We advise our clients to ensure that decision-makers are fully informed about why and how they propose to seek qualitative data. Demonstrate how the information you receive will be used to guide effective solutions that can support your teams to truly thrive.
3. Create a Supportive Environment for Listening.
Collecting qualitative data isn't always easy. It requires facilitators who are trained in active listening, who can create safer spaces for open conversations, and who can maintain the trust of participants that their stories will remain confidential.
We recommend that organizations bring in an external facilitator, as their presence enables staff to share their experiences openly and honestly, without fear of reprisal or bias. Additionally, internal employees and leaders may become defensive or resist change when they hear critical feedback. A third party can present findings and recommendations in a way that’s less likely to trigger defensive reactions, eliciting a more constructive response.
“As a privileged white lady who wants to do well by this work, I don't necessarily have the tools,” says Holmes. “It was really important to have experts decide this process and act as a neutral third party. They were also incredibly helpful in managing my expectations and giving me the motivation and the language that I needed to start to socialize these processes within the institution.”
4. Establish Processes for Ongoing Consent and Confirmation.
Sharing personal experiences within a workplace, particularly harmful ones, can be a deeply uneasy experience for many people. To feel confident that they won’t face repercussions for their honesty, it’s vital that facilitators respect the confidentiality of the sessions, and provide space for participants to validate any reports or recommendations made as a result of their contributions.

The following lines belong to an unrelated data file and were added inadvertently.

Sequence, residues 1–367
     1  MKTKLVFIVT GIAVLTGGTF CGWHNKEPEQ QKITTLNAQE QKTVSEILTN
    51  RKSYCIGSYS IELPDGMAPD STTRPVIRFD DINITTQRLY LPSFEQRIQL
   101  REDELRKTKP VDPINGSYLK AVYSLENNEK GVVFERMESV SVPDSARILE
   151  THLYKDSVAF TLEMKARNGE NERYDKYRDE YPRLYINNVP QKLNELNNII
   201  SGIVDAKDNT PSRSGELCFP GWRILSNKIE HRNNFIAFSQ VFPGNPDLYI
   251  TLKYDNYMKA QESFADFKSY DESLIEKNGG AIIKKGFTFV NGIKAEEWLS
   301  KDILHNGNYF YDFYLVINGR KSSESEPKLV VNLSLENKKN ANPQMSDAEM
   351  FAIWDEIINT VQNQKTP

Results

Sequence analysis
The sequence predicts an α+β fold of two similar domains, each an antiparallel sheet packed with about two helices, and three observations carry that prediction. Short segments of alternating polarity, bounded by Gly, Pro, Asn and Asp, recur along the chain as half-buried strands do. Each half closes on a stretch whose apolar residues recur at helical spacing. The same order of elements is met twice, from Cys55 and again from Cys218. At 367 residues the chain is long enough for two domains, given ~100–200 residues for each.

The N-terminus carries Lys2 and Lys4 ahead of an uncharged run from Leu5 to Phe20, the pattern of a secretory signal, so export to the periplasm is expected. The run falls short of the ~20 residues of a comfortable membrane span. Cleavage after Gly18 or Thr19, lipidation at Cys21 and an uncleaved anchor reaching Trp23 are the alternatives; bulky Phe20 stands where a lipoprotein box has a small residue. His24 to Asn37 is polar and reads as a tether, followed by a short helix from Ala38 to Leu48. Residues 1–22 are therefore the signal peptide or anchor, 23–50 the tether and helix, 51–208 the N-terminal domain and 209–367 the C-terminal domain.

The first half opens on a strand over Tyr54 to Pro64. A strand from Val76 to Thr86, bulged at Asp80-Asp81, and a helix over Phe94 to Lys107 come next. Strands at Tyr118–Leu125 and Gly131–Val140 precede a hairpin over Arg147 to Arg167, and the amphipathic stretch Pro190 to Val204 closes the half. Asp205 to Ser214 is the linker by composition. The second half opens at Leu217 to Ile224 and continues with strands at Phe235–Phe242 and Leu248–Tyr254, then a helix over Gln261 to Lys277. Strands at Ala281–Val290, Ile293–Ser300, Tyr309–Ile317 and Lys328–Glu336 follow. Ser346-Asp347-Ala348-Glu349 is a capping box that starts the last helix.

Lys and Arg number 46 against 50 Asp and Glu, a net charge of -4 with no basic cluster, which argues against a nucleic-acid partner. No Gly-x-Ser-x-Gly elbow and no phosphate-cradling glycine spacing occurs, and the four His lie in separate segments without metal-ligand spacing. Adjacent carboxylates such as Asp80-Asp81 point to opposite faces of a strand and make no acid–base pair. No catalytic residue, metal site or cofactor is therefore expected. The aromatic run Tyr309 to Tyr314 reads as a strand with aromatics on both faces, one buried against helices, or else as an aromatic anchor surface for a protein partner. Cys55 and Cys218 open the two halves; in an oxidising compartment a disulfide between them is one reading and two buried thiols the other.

When leading this work, our teams de-personalize and aggregate the stories we hear. We look for common themes among what’s shared, and identify emerging priorities that reflect the unique experiences of all participants.
Finally, we always schedule “What We Heard” sessions, where all participants have the opportunity to hear a summary of the information we gathered, understand how their feedback may or may not have been elevated for consideration, and validate or critique our assessment.
5. Act on the Findings.
At Evenings & Weekends, we’re not in the business of writing reports that will sit on a shelf. Before we embark on any qualitative research project, we ask organizations to commit to be transparent with participants about what findings were unearthed, to take action on the issues that they can address, and to communicate with their teams where change isn’t yet possible.
In making this commitment, organizations come away from our work together with a roadmap for sustained improvement, rather than a short-term fix.
“I feel like it’s a really great opportunity for us as a unit in a much larger institution to demonstrate leadership on this front,” says Krista. “Now, we can work with the willing to build more momentum across the institution. Now nobody can pretend that they don't know, or that there aren't recommendations for how to do this.”